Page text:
Judging our candidates as leaders

Story highlights

  • Retired Lt. Gen. Mark Hertling says candidates should be carefully evaluated on character, presence and intellect
  • Hertling: Do we as a nation trust this leader to do the right thing, for all people, in the toughest of situations?
  • A real leader's presence shows confidence, but does not reflect arrogance, hubris or cockiness, he says

Retired Lt. Gen. Mark Hertling, former Commander of US Army Europe and 7th Army, served for more than 37 years and spent more than three years in combat. He is a CNN military analyst and the author of "Growing Physician Leaders." The opinions expressed in this commentary are his.

(CNN)As a military analyst, I've often been asked to comment on various candidates -- Democrats and Republicans -- when they state their view on a particular national security or military affairs issue.

Mark Hertling
I've attempted to remain apolitical when discussing each issue from a martial viewpoint, commenting on what works or doesn't work on the battlefield, or how elements of a strategy I've seen applied with our allies, partners, or foes affect a desired outcome. My goal is always to analyze the issue while refraining from judging the personality of the candidate. Admittedly, I have sometimes failed in the latter.
That happens because while performing those duties for CNN, I am also evaluating the leadership abilities of the candidates based on the military criteria of leadership I've learned during my four-decade career wearing our country's cloth. Truthfully, the measures those in uniform apply aren't that complicated. They center on the term "attributes," and are measured by the three words: "Be-Know-Do."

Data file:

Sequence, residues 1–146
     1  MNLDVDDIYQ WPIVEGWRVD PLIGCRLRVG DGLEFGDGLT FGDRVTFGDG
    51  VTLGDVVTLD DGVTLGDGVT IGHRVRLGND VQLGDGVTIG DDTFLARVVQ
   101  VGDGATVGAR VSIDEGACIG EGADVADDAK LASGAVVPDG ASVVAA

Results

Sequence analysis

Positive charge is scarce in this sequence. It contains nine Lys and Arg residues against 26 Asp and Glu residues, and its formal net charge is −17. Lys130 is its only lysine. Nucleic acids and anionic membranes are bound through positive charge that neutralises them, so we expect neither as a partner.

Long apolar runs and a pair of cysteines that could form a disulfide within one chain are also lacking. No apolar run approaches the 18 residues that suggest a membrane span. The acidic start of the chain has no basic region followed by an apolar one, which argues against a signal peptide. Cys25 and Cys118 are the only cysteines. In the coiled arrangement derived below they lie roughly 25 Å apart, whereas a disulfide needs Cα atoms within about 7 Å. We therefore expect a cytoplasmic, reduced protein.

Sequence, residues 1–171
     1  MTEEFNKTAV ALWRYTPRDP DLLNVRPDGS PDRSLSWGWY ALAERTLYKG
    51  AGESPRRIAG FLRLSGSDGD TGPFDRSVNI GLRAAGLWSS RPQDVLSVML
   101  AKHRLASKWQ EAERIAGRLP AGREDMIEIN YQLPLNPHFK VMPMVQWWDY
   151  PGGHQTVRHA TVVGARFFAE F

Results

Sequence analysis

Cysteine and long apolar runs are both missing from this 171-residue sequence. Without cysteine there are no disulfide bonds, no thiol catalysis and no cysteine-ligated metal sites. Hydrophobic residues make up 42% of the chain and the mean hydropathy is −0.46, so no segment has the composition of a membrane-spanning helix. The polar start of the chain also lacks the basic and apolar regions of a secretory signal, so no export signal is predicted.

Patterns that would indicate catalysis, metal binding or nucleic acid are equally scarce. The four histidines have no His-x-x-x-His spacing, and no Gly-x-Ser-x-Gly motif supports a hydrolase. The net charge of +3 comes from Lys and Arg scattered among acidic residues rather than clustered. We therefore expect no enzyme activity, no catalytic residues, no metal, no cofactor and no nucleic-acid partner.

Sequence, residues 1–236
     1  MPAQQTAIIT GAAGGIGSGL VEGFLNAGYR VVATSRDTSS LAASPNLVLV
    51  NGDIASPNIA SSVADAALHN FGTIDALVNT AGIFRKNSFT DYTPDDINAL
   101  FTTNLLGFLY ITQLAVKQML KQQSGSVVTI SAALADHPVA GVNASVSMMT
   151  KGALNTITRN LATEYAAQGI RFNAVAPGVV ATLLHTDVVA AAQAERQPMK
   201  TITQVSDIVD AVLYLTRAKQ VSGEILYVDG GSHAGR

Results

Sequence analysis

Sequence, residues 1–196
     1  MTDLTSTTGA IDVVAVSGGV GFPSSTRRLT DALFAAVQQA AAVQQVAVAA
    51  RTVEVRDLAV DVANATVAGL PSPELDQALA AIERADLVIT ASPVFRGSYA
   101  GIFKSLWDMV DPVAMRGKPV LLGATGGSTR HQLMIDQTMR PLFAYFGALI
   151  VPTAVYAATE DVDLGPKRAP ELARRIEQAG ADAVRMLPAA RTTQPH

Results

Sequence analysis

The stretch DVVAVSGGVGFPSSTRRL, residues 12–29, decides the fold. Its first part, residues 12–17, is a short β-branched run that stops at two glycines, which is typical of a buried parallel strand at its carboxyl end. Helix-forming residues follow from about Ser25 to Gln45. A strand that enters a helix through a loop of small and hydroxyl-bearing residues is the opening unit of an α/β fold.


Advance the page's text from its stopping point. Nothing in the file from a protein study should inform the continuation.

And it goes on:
The leader's character, presence and intellect describe the "being" and "knowing" element of attributes.

    The right stuff

    Character describes who the candidates are: the values they hold dear, the self-discipline they apply and the service ethos that guides their performance. Have they been imbued with the right stuff, will they act when necessary, and are they selfless or self-serving?
    Character will determine how leaders view and understand others, and how they apply their moral principles to decision making when tackling very complex problems. As importantly, character involves how a leader views serving the citizens of our nation.
    The factor of character contributes to leaders doing the right thing -- not what is popular or will generate the most applause or highest numbers in the polls. Character provides the leader with the courage and self-discipline to decide what is appropriate for all the citizens of our country when there are tough problems or difficult times.
    The key question one should ask: Do we as a nation trust this leader to do the right thing, for all people, in the toughest of situations?

    Confidence, not arrogance

    The leader's presence is apparent in actions, words and manner. A real leader's presence shows confidence, but does not reflect arrogance, hubris or cockiness.